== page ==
New Workers’ Rights and a Consultation on Salary Sacrifice Announced
With the news dominated by Brexit, two important Government announcements on the rights of workers have gone somewhat under the radar.
The first of these announcements relates to new workplace legislation, intended to provide greater clarity for both employers and employees regarding their rights and obligations. The changes are part of a wider Government initiative labelled the ‘Good Work Plan’, which outlines its plans for the future of the UK labour market.
The new rules, which came into force on 17th December, are designed to narrow the gap between the rights of those in traditional employment and those on alternative types of contract.
In brief the legislation covers the following areas:
- Workers will now be entitled to written details of their rights under a contract on their first day in the job – this includes their rights to sick leave and eligibility for sick pay, along with details of other types of paid leave including maternity and paternity leave.
- The Agency Workers Regulations 2010 states that workers employed in the same role for more than 12 weeks must be given equal pay and the same conditions as permanent employees. However, a loophole known as the Swedish derogation currently allows staff employed by an agency, and then hired out to an organisation, to be paid less. This new legislation closes this loophole so that agency staff gain the same rights as temporary or permanent workers employed directly.
- Fines that can be applied by employment tribunals where it can be proven that employers have shown ‘malice, spite or gross oversight’ in relation to workers’ rights have been increased from £5,000 to £20,000.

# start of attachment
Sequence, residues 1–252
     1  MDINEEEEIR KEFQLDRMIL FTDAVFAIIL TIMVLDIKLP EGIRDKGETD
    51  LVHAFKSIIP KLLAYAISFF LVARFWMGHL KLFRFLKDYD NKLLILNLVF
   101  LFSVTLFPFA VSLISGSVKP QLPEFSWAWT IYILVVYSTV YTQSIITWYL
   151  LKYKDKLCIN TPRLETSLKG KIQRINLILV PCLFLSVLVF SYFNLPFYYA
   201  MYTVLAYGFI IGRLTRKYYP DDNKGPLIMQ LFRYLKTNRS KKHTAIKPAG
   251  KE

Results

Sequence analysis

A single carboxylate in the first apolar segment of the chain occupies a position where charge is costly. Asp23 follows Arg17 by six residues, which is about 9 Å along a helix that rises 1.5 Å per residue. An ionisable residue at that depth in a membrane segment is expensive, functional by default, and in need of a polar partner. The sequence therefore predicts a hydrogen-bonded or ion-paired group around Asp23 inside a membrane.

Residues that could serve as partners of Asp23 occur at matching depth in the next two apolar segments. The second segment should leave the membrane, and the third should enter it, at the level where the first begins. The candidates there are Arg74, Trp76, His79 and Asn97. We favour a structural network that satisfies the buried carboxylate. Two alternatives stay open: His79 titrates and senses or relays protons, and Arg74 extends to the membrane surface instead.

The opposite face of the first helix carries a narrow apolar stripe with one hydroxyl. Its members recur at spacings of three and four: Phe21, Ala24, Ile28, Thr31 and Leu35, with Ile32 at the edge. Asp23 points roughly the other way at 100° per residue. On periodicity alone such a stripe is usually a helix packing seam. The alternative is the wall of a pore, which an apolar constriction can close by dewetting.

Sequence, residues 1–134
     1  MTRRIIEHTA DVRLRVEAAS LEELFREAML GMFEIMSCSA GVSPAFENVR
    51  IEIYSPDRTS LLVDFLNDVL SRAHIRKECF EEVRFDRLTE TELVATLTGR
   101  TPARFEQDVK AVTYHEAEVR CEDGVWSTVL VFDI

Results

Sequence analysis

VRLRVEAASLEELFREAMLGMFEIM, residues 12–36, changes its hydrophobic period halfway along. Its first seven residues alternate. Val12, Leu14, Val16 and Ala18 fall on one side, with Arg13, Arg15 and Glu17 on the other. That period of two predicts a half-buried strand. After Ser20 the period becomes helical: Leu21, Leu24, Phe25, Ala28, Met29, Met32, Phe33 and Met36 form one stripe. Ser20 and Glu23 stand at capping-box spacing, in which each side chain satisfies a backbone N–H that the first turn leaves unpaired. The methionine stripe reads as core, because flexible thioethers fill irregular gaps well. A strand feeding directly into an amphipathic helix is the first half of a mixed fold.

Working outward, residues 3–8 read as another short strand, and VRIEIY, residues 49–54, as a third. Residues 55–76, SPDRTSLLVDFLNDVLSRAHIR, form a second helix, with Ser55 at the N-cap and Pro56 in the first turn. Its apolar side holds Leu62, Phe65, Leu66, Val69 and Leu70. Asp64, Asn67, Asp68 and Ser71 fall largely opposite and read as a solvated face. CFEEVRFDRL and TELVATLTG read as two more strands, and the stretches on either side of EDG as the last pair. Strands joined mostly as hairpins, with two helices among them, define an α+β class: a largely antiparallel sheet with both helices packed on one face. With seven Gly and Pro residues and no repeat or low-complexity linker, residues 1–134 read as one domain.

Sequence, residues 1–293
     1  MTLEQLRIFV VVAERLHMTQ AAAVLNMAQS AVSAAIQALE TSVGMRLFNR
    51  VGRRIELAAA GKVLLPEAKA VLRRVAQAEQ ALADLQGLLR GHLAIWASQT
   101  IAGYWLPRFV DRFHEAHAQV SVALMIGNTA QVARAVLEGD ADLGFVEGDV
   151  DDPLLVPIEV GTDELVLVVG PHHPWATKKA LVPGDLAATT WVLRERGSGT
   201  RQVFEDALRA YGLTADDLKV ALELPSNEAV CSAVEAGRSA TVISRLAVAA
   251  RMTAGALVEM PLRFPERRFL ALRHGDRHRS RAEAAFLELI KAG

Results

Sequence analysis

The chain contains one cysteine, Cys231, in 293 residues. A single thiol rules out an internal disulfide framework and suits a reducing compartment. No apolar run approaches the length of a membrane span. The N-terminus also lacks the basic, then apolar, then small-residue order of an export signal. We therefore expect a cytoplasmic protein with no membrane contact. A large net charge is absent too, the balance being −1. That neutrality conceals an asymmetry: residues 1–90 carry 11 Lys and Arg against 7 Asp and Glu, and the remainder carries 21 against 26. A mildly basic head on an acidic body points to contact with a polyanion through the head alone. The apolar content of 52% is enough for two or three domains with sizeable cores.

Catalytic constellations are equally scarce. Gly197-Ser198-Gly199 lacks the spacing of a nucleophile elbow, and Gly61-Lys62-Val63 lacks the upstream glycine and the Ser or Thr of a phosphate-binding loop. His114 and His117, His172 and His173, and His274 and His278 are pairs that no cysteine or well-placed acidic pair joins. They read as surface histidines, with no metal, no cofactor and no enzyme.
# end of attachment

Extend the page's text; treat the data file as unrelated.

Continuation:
- Workers that do not have regular working hours previously had their entitlement to holiday pay calculated based on the amount of work they had done in the last 12 weeks. For seasonal workers, this was often viewed as unfair. The new legislation moves to a 52 week reference period that should make these calculations more representative.
- Employees in organisations with 50 or more staff have a legal right to be informed and consulted about issues affecting the organisation. They also have a right to ask for a formal agreement outlining the consultation process to be provided. Previously, 10% of staff were required to ask for this formal arrangement, but this has now been reduced to 2%.
The Government has also stated that employment status tests will be tightened, with a view to improving clarity and reflecting the diverse nature of modern working relationships. To find out more visit Gov.co.uk
Salary Sacrifice Confusion
The second announcement is for a consultation to be held on the rules surrounding the National Minimum Wage and the way that salary sacrifice schemes operate.
The first part of this relates specifically to how the minimum wage is calculated for employees who are paid a salary rather than an hourly rate, and the reference period that is used as the basis for this. The intention of the consultation is to discover how effective the existing rules are in preventing worker exploitation.
The second part of the consultation looks at salary sacrifice arrangements and how these are applied where workers are on relatively low pay.
In general terms, salary sacrifice deductions that result in a worker’s pay being less than the National Minimum Wage are not allowed and can result in a fine.
There are, however, exemptions to this rule, including one which states that where the employee voluntarily agrees to a deduction in return for goods or services, even if it does take their pay below the legal minimum, this is allowed.
This part of the consultation has been set up to seek views on whether those on lower pay are being disadvantaged by not being offered salary sacrifice arrangements that meet these criteria, when those earning more are benefiting from them.
As a note of caution, there are cases where organisations have been fined for making deductions that would, at face value, appear to meet the above exemptions and professional advice should be sought when considering such a scheme. It is also worth noting that the accepted interpretation of the exemptions does not include car salary sacrifice schemes. It is hoped that as part of the consultation process clarification on exactly what is and is not in scope of the exemptions can be provided.
To find out more and to take part in the consultation visit Gov.co.uk